(Image from TriTech Center website; courtesy DCI Technology Services, LLC)

The co-working rush continues.

Novel Coworking purchased the TriTech Center in downtown Minneapolis, the company announced Monday. It is Chicago-based Novel’s second location in the Twin Cities after it opened its first shared office last month at the former Art Institutes building.

“The demand for flexible and budget-friendly workspace in Minneapolis has been impressive, and we’re excited to be able to offer small businesses and entrepreneurs even more options downtown,” said Bill Bennett, founder of Novel Coworking, in a statement.

Unlike many co-working providers, Novel (formerly Level Office) purchases its buildings instead of leasing space and then subleasing it to members. Novel leadership says this structure allows it to charge cheaper rates.

The TriTech Center, located on 4th Street between 2nd and 3rd avenues, is close to 114,000 square feet. The nine-story building is half occupied with traditional lease tenants, who will remain.

The TriTech Center was sold by DCI Minneapolis Venture, LLC. An electronic certificate of real estate value wasn't immediately available Monday afternoon for the sale.

Coworking, a style of work that incorporates shared office space which is rented out in short-term leases, has become more popular in the Twin Cities with larger, national providers as well as local startups creating their own co-working spaces.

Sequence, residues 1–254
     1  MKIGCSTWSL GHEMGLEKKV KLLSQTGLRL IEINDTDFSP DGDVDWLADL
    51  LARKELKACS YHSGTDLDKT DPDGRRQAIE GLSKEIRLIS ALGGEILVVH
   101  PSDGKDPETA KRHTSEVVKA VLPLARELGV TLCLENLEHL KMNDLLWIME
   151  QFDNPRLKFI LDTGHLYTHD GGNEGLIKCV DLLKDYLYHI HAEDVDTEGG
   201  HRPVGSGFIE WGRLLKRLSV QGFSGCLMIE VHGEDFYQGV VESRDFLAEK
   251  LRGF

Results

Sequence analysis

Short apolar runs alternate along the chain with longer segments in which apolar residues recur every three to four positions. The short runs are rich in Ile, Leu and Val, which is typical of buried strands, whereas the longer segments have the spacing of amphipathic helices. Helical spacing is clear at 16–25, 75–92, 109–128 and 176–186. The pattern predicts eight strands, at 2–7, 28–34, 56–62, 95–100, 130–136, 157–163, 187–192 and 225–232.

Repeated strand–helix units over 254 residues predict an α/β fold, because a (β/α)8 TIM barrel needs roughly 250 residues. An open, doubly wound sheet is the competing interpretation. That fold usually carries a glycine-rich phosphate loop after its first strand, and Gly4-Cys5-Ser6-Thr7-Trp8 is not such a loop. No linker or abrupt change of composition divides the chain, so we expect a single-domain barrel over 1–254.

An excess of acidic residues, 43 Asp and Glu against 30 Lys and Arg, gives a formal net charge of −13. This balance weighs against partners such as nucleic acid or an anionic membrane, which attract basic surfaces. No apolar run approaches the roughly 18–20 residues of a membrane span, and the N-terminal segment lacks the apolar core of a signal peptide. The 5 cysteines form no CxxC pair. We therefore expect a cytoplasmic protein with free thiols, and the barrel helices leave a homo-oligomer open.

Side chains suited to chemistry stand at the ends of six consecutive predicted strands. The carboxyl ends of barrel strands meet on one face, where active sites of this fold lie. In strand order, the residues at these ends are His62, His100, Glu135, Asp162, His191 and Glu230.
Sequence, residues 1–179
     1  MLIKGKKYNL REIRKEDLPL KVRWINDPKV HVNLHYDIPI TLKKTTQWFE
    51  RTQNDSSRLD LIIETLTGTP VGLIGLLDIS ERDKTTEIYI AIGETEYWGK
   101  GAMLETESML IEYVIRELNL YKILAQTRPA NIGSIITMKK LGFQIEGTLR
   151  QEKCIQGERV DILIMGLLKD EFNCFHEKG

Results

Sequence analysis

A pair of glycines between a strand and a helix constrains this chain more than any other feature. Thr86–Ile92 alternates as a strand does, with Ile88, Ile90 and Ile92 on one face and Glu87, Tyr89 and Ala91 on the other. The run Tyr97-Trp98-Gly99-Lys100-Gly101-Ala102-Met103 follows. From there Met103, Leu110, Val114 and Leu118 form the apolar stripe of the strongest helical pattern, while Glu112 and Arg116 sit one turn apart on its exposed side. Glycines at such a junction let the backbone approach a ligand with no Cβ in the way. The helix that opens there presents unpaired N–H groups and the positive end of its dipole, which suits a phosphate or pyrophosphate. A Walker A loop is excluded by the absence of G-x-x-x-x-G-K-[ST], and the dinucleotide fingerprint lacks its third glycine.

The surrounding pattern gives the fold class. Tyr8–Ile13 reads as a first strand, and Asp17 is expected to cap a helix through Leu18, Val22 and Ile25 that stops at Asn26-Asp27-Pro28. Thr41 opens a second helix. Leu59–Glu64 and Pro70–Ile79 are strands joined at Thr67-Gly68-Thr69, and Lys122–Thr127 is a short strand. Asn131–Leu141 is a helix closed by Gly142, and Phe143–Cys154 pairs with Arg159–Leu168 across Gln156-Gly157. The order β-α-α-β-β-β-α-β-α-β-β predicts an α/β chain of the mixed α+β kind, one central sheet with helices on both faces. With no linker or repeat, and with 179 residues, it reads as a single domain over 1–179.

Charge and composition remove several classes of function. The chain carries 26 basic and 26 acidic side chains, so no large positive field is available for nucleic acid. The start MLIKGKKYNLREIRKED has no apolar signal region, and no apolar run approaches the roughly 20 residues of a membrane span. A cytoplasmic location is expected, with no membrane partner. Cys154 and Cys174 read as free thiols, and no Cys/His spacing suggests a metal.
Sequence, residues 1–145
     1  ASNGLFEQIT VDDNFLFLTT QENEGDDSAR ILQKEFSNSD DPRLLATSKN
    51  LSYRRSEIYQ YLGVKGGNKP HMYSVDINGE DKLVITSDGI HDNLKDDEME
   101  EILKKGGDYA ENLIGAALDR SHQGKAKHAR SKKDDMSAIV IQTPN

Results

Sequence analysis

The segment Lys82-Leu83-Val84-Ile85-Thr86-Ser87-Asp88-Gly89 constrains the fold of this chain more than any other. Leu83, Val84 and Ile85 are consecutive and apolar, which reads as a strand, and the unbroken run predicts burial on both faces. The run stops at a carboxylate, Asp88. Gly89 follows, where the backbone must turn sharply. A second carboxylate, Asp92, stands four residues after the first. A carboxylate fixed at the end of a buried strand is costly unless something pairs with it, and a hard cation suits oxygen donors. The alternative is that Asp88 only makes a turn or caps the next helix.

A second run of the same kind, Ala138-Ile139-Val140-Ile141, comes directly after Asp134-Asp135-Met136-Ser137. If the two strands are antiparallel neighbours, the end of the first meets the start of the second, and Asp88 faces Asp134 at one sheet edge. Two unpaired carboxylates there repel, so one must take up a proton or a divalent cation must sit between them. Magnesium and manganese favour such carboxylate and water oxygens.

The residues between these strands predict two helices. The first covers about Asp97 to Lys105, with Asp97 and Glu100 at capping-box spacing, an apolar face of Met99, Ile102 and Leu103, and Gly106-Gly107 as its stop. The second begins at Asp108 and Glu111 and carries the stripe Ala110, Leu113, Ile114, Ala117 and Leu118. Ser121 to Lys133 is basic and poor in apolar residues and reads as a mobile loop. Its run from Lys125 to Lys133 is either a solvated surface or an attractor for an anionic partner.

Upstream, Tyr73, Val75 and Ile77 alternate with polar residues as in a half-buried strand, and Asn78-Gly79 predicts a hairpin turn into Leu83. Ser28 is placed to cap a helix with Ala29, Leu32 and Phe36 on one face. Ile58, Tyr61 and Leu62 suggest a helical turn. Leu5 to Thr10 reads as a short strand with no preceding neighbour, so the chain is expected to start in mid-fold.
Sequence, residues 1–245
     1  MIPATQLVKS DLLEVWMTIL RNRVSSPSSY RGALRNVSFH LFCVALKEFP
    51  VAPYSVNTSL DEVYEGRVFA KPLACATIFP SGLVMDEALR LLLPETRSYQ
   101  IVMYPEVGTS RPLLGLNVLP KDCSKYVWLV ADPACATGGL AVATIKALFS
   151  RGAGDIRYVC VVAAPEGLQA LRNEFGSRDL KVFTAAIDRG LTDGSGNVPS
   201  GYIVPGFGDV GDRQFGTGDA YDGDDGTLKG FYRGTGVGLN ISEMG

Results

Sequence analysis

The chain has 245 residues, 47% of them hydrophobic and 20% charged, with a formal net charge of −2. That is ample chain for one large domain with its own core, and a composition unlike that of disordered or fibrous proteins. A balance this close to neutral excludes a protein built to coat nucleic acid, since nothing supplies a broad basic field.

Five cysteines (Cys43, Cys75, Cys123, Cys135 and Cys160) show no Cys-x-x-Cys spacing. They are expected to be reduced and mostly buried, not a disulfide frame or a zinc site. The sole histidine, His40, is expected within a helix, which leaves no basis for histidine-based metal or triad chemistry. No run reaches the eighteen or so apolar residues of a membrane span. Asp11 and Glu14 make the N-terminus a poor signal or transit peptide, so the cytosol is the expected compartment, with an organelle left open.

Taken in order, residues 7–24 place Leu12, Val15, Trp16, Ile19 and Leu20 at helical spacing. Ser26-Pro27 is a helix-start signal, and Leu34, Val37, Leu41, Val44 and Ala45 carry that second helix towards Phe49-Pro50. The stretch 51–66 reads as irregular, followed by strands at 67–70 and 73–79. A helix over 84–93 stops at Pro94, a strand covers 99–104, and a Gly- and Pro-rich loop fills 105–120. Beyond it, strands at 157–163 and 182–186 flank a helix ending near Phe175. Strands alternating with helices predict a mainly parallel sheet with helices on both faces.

For example, New York-based WeWork recently announced it would double the space it will lease at the new MoZaic East office building in Uptown to more than 102,000 square feet. Later this month, a new space called “The Social” is scheduled to open in Rogers. Its founder Michael Colosimo calls it "both a co-op work space and a gathering place" with work stations, private meeting rooms, a cigar lounge, poker tables, and other games.

Coworking represents only about 1.2 percent of the Twin Cities multitenant office market or more than 900,000 square feet of space, according to Cushman & Wakefield. But that’s an increase from a year ago when co-working made up about 0.9 percent of the market.

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